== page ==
Published: Sun, May 13, 2018
Culture&Arts | By Drew Collins

Fado music takes centre stage at Eurovision Song Contest

Fado music takes centre stage at Eurovision Song Contest

The 29-year-old classically trained musician, whose real name is Susanna Marie Cork, is representing Britain with an anthemic song called Storm.

Cyprus' Eleni Foureira, who is a huge star in Greece, is tipped by bookmakers as the favourite to win with her fiery number "Fuego" that features a heavily choreographed routine. His performance featured a flaming staircase leading up to a piano, touches he said were inspired by the song's lyrics: "Nothing but your will sets you on fire, and fire lasts forever".

Some Eurovision fans have taken to Twitter to call for Sobral to be jeered after he called Israel's entry this year "a frightful song" in an interview published Wednesday Portuguese daily Publico.

Ireland made it to Saturday's final.

She is one of 26 acts taking part in the final, which is taking place in Lisbon and also includes a heavy metal band, opera singers, a singing violinist and some miniature dancing robots.

SuRie chose not to perform for a second time after the incident.

Lights, music, action! Europe's annual music extravaganza is about to begin, with many people expecting a vintage year.

As of now, it is unclear whether the United Kingdom will be able to perform their entry for a second time.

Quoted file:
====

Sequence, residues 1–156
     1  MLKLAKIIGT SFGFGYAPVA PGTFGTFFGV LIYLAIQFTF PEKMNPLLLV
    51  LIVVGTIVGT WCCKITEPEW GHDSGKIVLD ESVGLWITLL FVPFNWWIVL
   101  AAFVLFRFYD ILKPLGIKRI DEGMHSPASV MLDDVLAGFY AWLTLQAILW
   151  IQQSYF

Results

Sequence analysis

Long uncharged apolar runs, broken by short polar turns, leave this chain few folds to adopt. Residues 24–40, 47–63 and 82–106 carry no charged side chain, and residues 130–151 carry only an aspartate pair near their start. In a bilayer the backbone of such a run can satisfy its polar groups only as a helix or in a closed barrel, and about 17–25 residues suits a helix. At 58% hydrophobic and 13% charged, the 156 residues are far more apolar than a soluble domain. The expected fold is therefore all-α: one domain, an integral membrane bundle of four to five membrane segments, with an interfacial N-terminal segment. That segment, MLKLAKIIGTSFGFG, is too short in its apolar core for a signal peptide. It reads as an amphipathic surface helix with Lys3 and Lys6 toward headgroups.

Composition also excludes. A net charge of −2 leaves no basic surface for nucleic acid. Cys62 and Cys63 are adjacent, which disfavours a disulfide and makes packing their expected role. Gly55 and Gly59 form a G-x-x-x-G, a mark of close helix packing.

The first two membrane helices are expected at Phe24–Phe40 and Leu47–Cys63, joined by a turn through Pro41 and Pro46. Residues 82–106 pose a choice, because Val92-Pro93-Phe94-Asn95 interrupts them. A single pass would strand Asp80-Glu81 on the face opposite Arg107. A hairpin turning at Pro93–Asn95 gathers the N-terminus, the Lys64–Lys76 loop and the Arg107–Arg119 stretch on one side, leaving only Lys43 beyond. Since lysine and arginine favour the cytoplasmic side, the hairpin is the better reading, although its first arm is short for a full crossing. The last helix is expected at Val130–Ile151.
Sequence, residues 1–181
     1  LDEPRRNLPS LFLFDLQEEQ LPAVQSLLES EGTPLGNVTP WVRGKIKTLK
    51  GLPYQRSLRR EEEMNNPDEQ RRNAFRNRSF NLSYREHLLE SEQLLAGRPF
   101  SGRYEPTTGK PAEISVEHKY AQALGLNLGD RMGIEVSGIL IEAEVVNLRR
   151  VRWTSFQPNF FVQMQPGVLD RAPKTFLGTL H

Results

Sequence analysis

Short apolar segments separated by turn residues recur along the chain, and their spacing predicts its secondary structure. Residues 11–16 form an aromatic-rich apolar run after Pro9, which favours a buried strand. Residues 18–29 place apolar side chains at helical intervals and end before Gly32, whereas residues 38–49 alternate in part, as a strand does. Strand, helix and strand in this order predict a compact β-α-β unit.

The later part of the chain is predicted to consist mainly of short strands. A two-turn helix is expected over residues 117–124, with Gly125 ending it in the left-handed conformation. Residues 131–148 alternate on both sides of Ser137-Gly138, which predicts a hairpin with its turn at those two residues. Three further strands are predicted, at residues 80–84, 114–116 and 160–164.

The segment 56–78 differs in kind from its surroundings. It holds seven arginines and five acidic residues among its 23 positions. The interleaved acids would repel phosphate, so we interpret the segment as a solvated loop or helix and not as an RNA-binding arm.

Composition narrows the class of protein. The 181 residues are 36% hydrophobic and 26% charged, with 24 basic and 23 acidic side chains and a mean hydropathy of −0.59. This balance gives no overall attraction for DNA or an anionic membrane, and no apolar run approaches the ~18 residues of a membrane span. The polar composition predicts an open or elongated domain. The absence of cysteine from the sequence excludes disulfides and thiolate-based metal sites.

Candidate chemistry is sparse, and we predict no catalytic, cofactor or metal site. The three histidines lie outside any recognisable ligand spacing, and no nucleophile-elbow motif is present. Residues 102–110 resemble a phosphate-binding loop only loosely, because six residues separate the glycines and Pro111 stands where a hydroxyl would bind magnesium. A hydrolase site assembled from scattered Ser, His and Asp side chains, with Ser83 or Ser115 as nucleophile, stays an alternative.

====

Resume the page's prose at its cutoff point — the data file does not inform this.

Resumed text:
The hugely popular global event is organized by the European Broadcasting Union, an alliance of public service broadcasters.

Noway's Alexander Rybak is a previous Eurovision victor, but he seems unlikely to make it to the top a second time with his offering this year, That's How You Write A Song. Portugal won a year ago with Salvador Sobral's subdued ballad "Amar pelos Dois".

And the contest's organisers have barred China from showing the final, after one of its TV stations censored LGBT elements of Tuesday's semi-final. The semi-final results saw some big surprises for people who think it's just politics played out by music.

But Portugal - which hosting this year's event because its entry, Salvador Sobral, won with a restrained solo ballad last year in Ukraine - is putting on a show with stylish, elegant performances by a strong field of competitors.

The annual Euro-pop fest has always been the glittery home of outlandish costumes, high-voltage stage effects, forgettable tunes and kitschy acts like last year's dancing gorilla.

That means the 63rd Eurovision Song Contest is heading to what many predict will be an exceptional year.

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